Bishops' last-ditch appeal against RH bill
Legislation to go before House tomorrow
ucanews.com reporter, Manila
December 11, 2012
Catholic bishops today made a desperate, last-ditch appeal to legislators to vote against the controversial reproductive health (RH) bill which is scheduled to go before the House of Representatives tomorrow.
Archbishop Jose Palma of Cebu, president of the bishops’ conference, urged members of Congress to “stand by the truth and not by their political parties” in voting for or against the bill.
He said no less than Pope Benedict XVI has appealed to legislators on how to handle measures concerning basic human rights.
“These involve such things as the right to life, the right of married couples to found a family according to their religious beliefs and moral convictions, and to be the primary educators of their children,” the prelate said.
“Here, as elsewhere, the truth must be the basis of the law rather than the result of legislation," Palma said in a message to legislators.
He commended legislators opposing the bill’s passage and appealed to them to maintain their stand.
Cardinal Antonio Luis Tagle, archbishop of Manila, has meanwhile called on the faithful to attend an overnight prayer vigil at the National Shrine of Our Lady of Guadalupe in Makati City.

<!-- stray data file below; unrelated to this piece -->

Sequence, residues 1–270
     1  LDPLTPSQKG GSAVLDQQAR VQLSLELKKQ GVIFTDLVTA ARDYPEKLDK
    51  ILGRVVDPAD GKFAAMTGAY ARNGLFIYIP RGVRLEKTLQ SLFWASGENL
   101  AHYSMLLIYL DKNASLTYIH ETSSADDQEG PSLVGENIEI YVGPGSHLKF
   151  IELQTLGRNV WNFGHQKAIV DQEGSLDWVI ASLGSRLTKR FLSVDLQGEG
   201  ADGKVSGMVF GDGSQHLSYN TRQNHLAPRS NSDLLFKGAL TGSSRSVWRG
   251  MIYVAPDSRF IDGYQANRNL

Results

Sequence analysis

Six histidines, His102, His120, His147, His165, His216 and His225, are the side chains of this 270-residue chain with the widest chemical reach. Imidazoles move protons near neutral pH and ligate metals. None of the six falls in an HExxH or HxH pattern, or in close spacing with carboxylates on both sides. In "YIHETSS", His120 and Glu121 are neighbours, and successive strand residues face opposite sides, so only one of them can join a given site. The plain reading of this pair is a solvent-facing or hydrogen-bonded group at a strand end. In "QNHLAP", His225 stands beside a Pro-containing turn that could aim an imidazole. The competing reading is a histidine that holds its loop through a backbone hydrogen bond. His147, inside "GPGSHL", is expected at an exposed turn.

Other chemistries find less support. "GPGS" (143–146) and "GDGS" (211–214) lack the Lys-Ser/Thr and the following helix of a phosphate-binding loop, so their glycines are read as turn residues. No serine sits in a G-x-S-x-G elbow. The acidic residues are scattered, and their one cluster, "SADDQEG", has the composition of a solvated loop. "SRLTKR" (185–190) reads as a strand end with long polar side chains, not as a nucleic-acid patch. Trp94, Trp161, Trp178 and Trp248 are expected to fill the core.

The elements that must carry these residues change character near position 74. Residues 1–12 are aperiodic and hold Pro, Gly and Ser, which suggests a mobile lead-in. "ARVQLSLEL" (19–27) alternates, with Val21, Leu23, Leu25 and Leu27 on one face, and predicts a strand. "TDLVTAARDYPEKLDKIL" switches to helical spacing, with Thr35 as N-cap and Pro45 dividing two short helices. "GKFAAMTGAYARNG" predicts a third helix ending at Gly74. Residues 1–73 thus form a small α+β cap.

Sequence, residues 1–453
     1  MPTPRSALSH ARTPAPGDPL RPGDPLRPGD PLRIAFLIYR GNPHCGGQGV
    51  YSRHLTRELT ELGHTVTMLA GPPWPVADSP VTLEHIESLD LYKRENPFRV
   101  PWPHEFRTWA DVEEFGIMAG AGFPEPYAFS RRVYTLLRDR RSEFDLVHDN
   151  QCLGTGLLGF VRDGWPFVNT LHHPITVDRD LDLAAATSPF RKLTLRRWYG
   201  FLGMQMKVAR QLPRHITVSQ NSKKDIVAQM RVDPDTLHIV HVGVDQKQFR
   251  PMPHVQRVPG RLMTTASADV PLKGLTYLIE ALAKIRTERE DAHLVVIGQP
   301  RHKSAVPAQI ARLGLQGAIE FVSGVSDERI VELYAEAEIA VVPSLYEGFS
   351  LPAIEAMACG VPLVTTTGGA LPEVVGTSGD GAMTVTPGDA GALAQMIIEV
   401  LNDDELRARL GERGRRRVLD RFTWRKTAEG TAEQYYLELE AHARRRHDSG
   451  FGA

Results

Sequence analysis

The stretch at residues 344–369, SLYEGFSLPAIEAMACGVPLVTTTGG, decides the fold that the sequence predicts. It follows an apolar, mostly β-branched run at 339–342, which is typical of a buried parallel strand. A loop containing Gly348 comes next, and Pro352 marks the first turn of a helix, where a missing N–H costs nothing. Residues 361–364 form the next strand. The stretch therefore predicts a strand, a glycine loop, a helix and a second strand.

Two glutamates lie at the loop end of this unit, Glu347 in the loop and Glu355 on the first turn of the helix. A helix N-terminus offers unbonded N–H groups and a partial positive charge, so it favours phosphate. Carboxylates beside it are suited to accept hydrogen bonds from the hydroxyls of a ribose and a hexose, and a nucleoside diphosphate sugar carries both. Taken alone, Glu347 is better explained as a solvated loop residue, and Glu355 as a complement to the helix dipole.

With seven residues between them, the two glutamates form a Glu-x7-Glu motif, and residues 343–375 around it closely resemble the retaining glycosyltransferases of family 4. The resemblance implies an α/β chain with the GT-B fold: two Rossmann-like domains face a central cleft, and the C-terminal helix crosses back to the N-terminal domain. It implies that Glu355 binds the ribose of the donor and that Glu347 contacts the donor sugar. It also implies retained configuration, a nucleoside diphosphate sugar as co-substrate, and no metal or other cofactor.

Father Melvin Castro, of the Episcopal Commission on Family and Life appealed to lawmakers to “rise above party politics and resist pressure from Malacanang [presidential palace]."
The country's Catholic bishops have been the staunchest opponents of the RH bill that promotes artificial contraception as a family planning method.
Many are expected to attend the congressional session tomorrow. Proponents of the bill said the presence of the bishops is welcomed.
Archbishop Ramon Arguelles of Lipa said they were going to offer support to “pro-life” legislators and not to intimidate those in favor of the bill.
Poverty, unemployment and a narrow understanding of religious teachings often lead youth astray
Sixteen terrorists will be executed for the massacre of more than 100 school children and other attacks
Armed men are believed to be supporters of the so-called Islamic State
This is the first time that such a high-level delegation is travelling to the Vatican for the canonization of an Indian saint
Police order budget hotels to reject guests from five predominantly Muslim countries